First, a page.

Probably the most obvious example of why I stayed within the marriage for so long, is shown by his reaction after his final attack on me…  The attack happened on a Sunday afternoon, and after his panicked phone call to my mother, he settled down as if nothing had happened.  When I went to get medical treatment the next day, he accompanied me into the examining room, where he laughed about the injuries and how he had caused them.  He repeated this laughter when he dropped my medical certificate into my workplace to say I wouldn’t be in for at least a week.  It wasn’t until later that day, when my brother arrived that any sort of reality started to creep into his awareness.  He hid the chair broken during the attack, and tried to pretend like nothing had happened… but my brother took him aside and said that he needed to move out for a while.

When my brother went home, and my mother arrived; there was a further dawning of awareness for him… he was always desperate for my mothers approval, and that was obviously missing.  Suddenly he couldn’t cope.  This is when the twisting of the story began in earnest.  Two nights in a row he took off in his car… on one night he threatened suicide, and on the other night he threatened suicide and then told that police that he was too scared to return the house.  This showed how he could act when faced with a situation he didn’t like.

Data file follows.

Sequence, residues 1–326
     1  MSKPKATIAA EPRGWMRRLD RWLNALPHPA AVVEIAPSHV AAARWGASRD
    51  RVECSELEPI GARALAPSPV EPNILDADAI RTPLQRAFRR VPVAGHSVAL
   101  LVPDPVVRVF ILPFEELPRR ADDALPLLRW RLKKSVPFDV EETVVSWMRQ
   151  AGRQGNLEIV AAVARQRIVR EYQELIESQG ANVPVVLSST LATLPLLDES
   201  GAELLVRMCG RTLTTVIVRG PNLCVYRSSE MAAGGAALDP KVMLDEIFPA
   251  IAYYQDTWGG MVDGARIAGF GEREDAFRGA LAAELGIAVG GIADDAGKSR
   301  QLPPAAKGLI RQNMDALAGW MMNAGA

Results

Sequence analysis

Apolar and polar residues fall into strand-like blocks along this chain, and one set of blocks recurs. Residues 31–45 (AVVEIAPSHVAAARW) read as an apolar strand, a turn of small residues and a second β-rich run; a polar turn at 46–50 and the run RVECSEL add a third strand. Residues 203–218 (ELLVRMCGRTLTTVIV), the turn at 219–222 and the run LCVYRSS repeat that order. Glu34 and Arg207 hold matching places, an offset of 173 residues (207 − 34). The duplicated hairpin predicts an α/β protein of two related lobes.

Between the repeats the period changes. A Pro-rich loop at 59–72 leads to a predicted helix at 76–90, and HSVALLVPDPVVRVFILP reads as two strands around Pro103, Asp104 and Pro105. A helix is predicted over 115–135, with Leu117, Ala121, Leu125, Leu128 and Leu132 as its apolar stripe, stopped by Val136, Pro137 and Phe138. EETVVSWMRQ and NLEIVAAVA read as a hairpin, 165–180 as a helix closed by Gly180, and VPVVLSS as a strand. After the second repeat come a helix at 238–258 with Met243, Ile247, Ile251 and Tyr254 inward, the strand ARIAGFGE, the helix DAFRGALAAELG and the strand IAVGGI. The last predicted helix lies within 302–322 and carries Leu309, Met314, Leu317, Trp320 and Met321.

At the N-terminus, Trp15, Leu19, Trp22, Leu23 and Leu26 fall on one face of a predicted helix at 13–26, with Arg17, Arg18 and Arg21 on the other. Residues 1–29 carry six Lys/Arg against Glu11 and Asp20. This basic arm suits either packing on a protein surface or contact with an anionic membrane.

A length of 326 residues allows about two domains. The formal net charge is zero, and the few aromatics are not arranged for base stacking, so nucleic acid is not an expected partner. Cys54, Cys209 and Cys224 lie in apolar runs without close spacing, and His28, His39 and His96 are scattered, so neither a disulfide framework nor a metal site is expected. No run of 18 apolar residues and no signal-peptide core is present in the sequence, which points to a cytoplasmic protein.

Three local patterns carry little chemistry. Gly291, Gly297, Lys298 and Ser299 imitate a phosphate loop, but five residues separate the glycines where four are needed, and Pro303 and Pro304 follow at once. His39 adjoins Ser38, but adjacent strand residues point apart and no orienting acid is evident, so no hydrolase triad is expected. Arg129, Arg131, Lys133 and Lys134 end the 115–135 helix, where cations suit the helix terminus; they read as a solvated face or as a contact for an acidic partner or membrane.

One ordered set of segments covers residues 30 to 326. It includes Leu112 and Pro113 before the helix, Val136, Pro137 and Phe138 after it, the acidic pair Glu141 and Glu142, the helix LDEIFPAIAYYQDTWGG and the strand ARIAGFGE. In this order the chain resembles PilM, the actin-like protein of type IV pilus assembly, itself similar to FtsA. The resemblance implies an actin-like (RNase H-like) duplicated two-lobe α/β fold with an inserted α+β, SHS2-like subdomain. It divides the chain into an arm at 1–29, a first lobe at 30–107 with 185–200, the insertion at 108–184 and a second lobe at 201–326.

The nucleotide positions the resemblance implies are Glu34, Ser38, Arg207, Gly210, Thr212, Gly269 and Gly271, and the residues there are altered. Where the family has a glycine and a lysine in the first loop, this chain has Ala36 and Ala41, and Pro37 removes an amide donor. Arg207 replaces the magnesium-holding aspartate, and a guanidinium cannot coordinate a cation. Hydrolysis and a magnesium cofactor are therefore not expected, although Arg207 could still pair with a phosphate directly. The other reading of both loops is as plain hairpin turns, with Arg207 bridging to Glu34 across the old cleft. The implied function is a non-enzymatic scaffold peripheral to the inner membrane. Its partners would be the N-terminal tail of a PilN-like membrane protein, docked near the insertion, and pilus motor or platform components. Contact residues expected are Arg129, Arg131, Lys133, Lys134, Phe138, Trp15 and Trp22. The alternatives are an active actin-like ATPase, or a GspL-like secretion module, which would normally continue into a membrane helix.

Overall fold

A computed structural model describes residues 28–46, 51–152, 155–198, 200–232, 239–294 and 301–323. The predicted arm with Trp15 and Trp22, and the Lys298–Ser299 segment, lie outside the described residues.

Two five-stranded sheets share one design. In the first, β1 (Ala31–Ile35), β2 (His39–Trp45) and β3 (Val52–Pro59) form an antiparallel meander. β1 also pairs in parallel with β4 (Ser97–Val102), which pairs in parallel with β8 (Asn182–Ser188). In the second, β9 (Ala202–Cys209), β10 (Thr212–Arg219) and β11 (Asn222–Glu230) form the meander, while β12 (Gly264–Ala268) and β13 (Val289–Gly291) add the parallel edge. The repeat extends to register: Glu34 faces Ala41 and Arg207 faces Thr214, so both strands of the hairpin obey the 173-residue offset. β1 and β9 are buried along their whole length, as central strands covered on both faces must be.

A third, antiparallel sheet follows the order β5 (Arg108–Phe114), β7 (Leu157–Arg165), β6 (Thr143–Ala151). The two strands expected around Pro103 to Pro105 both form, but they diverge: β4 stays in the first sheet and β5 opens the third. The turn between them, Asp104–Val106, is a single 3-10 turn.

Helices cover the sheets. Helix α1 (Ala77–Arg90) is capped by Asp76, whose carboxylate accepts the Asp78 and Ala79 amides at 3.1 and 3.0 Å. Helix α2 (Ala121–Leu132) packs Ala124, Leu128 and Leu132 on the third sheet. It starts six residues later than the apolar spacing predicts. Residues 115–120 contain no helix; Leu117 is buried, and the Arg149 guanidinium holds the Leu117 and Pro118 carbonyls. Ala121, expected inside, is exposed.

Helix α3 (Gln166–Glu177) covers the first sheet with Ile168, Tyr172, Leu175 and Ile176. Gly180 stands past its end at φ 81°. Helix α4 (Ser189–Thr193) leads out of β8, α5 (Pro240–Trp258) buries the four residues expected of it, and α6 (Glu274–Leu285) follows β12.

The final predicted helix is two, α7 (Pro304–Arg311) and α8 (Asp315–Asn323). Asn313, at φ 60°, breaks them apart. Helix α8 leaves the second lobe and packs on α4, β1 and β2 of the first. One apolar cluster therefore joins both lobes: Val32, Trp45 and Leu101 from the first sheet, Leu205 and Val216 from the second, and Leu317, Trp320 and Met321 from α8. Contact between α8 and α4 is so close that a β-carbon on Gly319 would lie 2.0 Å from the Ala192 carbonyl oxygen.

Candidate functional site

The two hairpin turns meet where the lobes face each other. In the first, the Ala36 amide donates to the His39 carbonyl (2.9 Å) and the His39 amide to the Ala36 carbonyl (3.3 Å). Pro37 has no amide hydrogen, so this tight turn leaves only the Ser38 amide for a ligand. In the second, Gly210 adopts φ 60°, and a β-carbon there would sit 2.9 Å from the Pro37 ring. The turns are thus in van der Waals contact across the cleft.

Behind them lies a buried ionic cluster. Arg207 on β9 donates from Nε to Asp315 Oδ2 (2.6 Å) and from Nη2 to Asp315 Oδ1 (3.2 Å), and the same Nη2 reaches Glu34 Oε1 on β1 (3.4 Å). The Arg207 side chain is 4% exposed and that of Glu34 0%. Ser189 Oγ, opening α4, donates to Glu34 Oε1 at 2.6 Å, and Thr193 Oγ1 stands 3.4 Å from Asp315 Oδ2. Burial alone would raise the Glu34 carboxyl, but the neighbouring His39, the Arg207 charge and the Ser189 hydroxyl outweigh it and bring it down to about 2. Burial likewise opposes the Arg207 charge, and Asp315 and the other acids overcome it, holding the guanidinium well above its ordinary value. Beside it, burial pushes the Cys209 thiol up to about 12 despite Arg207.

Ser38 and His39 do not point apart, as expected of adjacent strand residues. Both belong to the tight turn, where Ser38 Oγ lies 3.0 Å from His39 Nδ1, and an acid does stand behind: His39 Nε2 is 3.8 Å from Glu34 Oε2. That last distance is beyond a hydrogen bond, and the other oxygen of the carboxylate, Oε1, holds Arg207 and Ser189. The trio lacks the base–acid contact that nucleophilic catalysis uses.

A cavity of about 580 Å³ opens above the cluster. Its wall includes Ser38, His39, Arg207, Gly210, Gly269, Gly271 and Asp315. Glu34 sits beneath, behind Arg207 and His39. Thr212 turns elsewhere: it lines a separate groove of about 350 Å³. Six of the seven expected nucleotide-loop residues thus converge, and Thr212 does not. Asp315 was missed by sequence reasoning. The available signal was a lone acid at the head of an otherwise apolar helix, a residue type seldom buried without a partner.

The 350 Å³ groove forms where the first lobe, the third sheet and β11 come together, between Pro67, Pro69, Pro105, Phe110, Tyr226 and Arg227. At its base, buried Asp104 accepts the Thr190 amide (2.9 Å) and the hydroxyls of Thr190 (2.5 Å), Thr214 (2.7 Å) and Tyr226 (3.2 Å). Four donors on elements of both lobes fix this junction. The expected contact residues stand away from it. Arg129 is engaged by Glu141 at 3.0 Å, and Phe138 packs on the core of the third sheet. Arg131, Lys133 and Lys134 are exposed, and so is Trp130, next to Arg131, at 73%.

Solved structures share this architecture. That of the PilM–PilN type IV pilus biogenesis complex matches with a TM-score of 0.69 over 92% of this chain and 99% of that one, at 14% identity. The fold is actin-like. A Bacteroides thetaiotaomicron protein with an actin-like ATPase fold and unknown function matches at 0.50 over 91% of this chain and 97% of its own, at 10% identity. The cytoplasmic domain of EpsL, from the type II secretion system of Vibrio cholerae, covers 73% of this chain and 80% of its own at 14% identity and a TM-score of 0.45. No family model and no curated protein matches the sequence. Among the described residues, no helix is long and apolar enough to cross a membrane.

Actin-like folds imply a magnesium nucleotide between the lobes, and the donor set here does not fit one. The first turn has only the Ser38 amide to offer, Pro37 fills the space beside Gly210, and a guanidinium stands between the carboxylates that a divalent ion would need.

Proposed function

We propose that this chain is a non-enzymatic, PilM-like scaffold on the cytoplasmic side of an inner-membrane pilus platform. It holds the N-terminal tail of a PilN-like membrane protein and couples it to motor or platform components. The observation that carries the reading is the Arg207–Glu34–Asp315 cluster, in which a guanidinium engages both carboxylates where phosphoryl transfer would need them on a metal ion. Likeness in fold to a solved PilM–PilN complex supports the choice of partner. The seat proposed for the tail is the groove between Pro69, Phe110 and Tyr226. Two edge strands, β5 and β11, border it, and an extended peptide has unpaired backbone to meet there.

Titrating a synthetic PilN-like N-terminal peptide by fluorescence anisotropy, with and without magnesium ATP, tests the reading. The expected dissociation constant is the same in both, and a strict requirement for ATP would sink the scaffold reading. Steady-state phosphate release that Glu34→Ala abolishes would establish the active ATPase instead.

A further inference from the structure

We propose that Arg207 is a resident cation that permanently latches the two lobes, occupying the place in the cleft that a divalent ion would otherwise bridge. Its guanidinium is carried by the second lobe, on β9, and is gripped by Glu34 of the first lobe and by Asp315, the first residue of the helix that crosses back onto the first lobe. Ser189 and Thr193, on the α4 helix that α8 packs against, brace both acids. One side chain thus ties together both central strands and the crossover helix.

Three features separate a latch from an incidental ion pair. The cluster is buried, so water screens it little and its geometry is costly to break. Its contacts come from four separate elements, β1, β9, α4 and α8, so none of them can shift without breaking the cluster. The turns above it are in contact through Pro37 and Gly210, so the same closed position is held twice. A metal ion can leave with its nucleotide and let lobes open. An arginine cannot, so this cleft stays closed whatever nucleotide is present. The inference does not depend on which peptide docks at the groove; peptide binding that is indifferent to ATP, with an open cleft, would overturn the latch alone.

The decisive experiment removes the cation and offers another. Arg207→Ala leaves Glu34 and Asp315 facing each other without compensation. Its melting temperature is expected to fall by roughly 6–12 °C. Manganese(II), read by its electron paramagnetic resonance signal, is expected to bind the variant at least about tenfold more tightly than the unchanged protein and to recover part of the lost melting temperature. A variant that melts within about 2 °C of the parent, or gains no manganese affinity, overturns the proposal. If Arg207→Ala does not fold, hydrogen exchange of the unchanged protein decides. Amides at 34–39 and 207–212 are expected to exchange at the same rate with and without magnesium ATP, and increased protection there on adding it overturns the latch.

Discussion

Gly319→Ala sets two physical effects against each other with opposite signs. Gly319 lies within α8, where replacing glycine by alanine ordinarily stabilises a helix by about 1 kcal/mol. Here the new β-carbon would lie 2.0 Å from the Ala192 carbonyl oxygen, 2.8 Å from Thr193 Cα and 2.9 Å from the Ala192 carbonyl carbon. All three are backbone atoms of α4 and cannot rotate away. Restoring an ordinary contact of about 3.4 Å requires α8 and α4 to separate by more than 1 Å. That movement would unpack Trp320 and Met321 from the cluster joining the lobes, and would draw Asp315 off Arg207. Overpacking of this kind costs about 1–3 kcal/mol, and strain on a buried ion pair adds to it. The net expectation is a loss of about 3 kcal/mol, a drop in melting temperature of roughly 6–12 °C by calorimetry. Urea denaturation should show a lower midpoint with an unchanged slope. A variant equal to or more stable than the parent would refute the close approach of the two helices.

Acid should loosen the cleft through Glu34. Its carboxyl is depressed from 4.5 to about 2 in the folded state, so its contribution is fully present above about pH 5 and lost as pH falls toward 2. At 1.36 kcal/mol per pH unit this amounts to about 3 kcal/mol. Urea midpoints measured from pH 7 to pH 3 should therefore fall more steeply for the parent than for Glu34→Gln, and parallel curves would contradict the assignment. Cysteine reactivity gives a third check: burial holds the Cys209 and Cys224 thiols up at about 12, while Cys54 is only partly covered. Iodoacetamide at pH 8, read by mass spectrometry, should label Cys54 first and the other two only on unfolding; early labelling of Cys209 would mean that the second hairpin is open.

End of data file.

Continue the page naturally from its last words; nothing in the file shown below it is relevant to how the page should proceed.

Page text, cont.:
On Valentine’s Day, he left me to return to his family.  It was then that his twisting of the truth became more obvious… suddenly there was no attack, but instead, I was making it all up.  I broke the chair and caused the injuries to myself.  This version of events is what he was going to defend the Protection Order with… thankfully, I had the medical report detailing the attack, and all of his documentation which included a letter to a former supervisor apologising for assaulting him…  When his lawyer saw the documentation, the Protection Order defence was withdrawn.

When I look at this incident, I can see why I doubted so much of what happened within the marriage.  I was dissociative, so often doubted my version of events anyway; but he encouraged me to doubt things by twisting them back onto me, and playing a totally different role in public.  This situation reminds me of a quote from the book Dragonslippers: This is what an abusive relationship looks like:

‘You know, it’s interesting…work…politics…. It’s really so easy to control other people. You just have to cause dysfunction. Once someone feels insecure, you can do anything you want with them.’